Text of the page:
Y is for Yakeil

Y

Okay, we are scraping the barrel when it comes to Y. I’m not going to take the easy route like a Yellow Bellied Cowardly Bird. There must be something interesting to write about.

There’s always complete fabrication, that usually works:

“Behold the mighty Yungfrau Frost Tickler, historic prey of the Alpine Mallowhund and the fearsome nemesis of the lederhosen wearing Bavarian.

The Yungfrau Frost Tickler is fatally attracted to the sweaty stink of leather clad buttock. Many a Bavarian boy never discovered the joys of manhood after an attack from the tiny but mighty Frost Tickler – one bite literally freezes the tissue in the affected area. It has been said that the traditional yodel call of the Alps comes from the cries of Bavarian boys caught napping on the hillsides by the Frost Tickler. Their yodeling cry was an involuntary response as they desperately tried to rub warmth into their frigid tumescence, only to see their grapes literally wither on the vine.”

But no. My artistic integrity will not allow such dalliance this late in the Challenge. My original idea was Yak. But really, how much creativity can one extract from a Yak. A Himalayan bovid, beloved of Genghis Khan as the only beast smellier than he, hence great camouflage for raiding parties. No, I can’t deal with Yakkity Yak.

But then, lighting a path through the dark void of my creativity came Yakeil. Dear, sweet Yakeil. More commonly known as the Long-Beaked Echidna. Is anyone any the wiser?

If I may enlighten you, the yakeil has to be one of the coolest animals on the planet. Yakeil, or echidna, are familial bed-mates (not in the incestual sense) with that spare-parts animal, the Duck Billed Platypus. They are the sole surviving members of the Monotreme family, and together they stand on a unique (and relatively low) rung of the evolutionary ladder.

What do you call an overweight cat that just gorged on waterfowl?
A duck filled fatty puss!

The echidna may appear to be the quieter, more reserved of the Monotremes. Platypus gets all the press, after all. He’s cute and furry, with that funny little duck bill. Echinda on the other hand, eats ants and is spiky.

But echidna has a dark side. In Greek mythology she is the mother of all beasts. I mean, literally, she is the mother of all beasts. All the most fearsome, vicious, terrifyingly menacing beasts of the mythological underworld are spawn of Echidna and Typhon. Imagine the dinner table in the Echidna household with these chaps sharing the feast:

  • EchidnaCerberus – the three-headed dog that guards the entrance to Hades.
  • Chimera – Part-lion, part-goat, part-snake – all monster.
  • Gorgon – the snake-haired and snake-bodied humanoid that was created in its mother’s image. Its stare could turn a person to stone.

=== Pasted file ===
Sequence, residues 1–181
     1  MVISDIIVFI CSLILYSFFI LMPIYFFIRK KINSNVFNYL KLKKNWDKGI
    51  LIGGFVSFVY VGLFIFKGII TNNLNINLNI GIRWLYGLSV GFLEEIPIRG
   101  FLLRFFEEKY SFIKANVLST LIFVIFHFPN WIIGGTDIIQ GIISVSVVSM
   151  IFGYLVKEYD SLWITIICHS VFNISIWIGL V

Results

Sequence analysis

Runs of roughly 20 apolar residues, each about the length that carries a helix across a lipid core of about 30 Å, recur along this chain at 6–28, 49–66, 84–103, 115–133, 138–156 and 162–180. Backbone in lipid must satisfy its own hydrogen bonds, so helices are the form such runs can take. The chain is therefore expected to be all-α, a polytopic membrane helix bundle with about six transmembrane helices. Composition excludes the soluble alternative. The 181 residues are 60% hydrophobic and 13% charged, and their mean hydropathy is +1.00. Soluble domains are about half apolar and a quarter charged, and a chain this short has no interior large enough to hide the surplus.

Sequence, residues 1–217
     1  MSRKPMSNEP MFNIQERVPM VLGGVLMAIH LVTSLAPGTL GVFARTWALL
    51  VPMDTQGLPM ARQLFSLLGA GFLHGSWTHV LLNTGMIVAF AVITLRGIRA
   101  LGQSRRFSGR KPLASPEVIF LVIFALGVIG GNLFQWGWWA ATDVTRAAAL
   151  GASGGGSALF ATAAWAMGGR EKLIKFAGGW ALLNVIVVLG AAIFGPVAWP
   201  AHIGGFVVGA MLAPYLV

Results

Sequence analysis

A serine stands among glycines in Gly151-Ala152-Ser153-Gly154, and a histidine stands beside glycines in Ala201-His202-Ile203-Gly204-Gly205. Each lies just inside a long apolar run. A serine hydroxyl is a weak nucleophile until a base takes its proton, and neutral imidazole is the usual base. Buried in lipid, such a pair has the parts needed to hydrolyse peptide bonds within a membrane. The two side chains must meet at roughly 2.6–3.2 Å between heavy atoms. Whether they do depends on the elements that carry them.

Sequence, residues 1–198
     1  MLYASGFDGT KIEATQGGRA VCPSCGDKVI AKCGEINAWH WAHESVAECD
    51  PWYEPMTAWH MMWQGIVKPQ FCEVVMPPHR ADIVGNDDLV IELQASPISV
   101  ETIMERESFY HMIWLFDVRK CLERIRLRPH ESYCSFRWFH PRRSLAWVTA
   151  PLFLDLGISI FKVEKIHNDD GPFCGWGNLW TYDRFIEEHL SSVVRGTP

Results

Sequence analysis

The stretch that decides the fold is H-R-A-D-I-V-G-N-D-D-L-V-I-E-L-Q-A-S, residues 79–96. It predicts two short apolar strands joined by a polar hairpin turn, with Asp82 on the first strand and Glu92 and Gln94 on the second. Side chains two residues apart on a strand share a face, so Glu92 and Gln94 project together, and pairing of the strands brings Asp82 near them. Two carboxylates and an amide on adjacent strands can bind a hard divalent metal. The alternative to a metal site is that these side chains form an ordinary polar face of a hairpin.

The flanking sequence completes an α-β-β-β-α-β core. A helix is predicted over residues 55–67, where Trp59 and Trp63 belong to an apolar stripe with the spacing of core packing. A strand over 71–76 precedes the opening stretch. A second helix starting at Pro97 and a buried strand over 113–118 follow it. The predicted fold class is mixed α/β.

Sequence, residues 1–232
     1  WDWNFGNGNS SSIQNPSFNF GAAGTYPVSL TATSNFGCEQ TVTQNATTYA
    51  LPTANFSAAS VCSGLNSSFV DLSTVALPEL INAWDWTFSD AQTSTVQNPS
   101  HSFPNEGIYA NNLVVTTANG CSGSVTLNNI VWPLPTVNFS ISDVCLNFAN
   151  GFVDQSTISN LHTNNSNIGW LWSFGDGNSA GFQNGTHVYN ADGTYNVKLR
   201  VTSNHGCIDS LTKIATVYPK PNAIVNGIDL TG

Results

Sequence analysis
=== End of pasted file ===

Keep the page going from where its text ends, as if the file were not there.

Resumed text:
• Hydra – the nine-headed serpent who grew two new heads for every one that was cut off.
  • Ladon – the snake that guarded the golden apples in the Garden of the Hesperides.
  • The Nemean Lion – the giant lion with an impenetrable hide.
  • Orthros – the two-headed dog that lived with giants.
  • The Sphinx – the half-human, half-lion that forces those it meets to answer its riddles, or die.

Not much to love about that! I think I prefer the ant-eating spiky little fellow.

So what makes yakeil and platypus so special? Well, they break two of the basic laws of mammalia, for starters. Sitting low on the evolutionary totem pole they lay eggs, just like our avian and reptilian ancestors. The egg hatches in a pouch (thereby linking to marsupials). Also, whilst they feed their young with (pink) milk, they are sans-nipple. Echidna mommies ooze milk from their pores and the mini-yakeils lap this up from the belly fur – just like a drunken youth picking bits of his late night kebab meat off his shirt.

I’ve used the family name of Monotreme a few times – just what is a Monotreme?

Quite simply, a monotreme lady uses the same orifice for poop, pee and penetration. I guess it becomes extremely important in monotreme relationships to have good personal hygiene habits.

So there we have it. You can have your echidna as a scary Greek monster mummy, or as a spiky slap in the face to Creationists and their nonsense.

And for anyone wondering why I’ve been rambling about spiky anteaters and Greek monsters in a post about Mexican food – that’s Enchiladas, you dumb ass!

Enchiladas

Echidna from http://www.greekmythology.wikia.com

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One comment

  1. Another laugh out loud post, Drew – I’m citing you as writer of one of my favourite blogs found through the A to Z Challenge – so pleased you put your name down on the less than 100 followers list else I’d never have found you and been so entertained during this past month. Obviously, you won’t be on that list next time – well done! http://pempispalace.blogspot.co.uk/

    Like

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